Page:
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  • This activity focuses on basic ideas of linear regression. It covers creating scatterplots from data, describing the association between two variables, and correlation as a measure of linear association. After this activity students will have the knowledge to create output that yields R-square, the slope and intercept, as well as their interpretations. This activity also covers some of the basics about residual analysis and the fit of the linear regression model in certain settings. The corresponding data set for this activity, 'BAC data', can be found at the following web address: http://www.causeweb.org/repository/ACT/BAC.txt

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  • This activity explains the important features of a distribution: shape, center, spread, and unusual features. It also covers how to determine the difference between mean and median, and their respective measures of spread, as well as when to apply them to a particular distribution. Graphical displays such as: histograms and boxplots are also introduced in this activity. The corresponding data set for this activity is found at the following web address: http://www.causeweb.org/repository/ACT/food.txt

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  • This activity enables students to learn about confidence intervals and hypothesis tests for a population mean. It focuses on the t-distribution, the assumptions for using it, and graphical displays. The activity also focuses on how to interpretations a confidence interval, a p-value, and a hypothesis test.

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  • This collection of case studies includes the following topics: Stock Prices; Breast Cancer Research; Effect of Fitness Program; Water Use in Los Angeles; Oral Hygiene in the ICS-II project; Brinks vs NYC; Effect of Exercise on Heart Disease; National Assessment of Educational Progress; The London Underground; Suicides of Women and Men; Temperature in San Francisco; Lead Intake; Voting for Johnson; Salaries of Yale Men; K-Mart Cookie Sales; Skeleton Differences between Tribes; Advertising for Detergents; Did Mendel Fudge his Data; Rainfall in the United Kingdom; Jury selection in Alameda County; Racial Bias in Jury Selection: Swain vs Alabama.; Gender Bias in Jury Selection: The Case of Dr. Spock.; The ELISA test for the AIDS Virus.; School Careers in the Netherlands in 1959.; The Northridge Earthquake of January 1994.; The Trial of the Pix.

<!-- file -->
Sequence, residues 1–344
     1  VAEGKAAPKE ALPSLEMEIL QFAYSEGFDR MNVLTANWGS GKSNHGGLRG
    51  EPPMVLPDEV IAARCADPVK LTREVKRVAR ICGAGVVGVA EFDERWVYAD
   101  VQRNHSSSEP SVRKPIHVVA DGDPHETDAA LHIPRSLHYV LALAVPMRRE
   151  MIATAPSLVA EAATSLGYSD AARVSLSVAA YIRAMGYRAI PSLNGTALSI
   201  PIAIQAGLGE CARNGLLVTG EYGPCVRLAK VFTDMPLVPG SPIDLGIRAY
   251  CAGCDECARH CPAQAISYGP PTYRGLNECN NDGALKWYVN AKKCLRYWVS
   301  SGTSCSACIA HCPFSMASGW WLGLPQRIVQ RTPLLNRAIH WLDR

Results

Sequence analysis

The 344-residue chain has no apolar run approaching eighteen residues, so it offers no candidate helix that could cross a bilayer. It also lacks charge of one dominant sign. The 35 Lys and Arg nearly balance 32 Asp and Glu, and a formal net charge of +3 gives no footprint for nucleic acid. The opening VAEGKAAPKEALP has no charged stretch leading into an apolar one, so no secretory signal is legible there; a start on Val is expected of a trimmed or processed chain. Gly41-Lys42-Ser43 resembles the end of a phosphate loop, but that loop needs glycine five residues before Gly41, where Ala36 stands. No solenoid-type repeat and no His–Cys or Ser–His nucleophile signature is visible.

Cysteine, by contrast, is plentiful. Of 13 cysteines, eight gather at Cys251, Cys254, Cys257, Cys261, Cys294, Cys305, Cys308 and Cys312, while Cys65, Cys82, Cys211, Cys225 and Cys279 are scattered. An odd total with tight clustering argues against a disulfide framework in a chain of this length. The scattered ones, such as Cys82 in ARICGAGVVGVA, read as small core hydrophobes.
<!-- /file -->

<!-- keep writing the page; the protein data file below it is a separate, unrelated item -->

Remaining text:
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  • ... we must remember that measures were made for man and not man for measures. a quote of popular science and science fiction author Isaac Asimov (1920 - 1992) in "Of Time and Space and Other Things" page 143, Avon Books, 1965. The quote also appears in "Statistically Speaking: A dictionary of quotations" compiled by Carl Gaither and Alma Cavazos-Gaither.

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  • The words 'model' and 'mode' have, indeed, the same root; today, model building is science a la mode. Quote of american philosopher Abraham Kaplan (1918-1993) appearing in "The Conduct of Inquiry" (Chandler, 1964) p. 258. Also to be found in "Statistically Speaking the dictionary of quotations" compiled by Carl Gaither and Alma Cavazos-Gaither p. 140

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  • A cartoon to teach about ambiguous reporting of survey information. Cartoon by John Landers (www.landers.co.uk) based on an idea from Dennis Pearl (The Ohio State University). Free to use in the classroom and on course web sites.

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  • If you can't measure it, I'm not interested. A quote by Canadian educator and management theorist Laurence Johnston Peter (1919 - 1990) from "Peter's People" in "Human Behavior" (August, 1976; page 9). The quote also appears in "Statistically Speaking: A dictionary of quotations" compiled by Carl Gaither and Alma Cavazos-Gaither.

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  • Statistics is the art of stating in precise terms that which one does not know. A quote by American Statistician William Henry Kruskal (1919 - 2005) in his article "Statistics, Moliere, and Henry Adams," in "American Scientist Magazine" (1967; vol. 55, page 417).The quote also appears in "Statistically Speaking: A dictionary of quotations" compiled by Carl Gaither and Alma Cavazos-Gaither.

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  • Normality is a myth; there never has, and never will be, a normal distribution. A quote by Irish statistician and econometrician Roy C. Geary (1896 - 1983) found in "Biometrika" volume 34, 1947, page 241.

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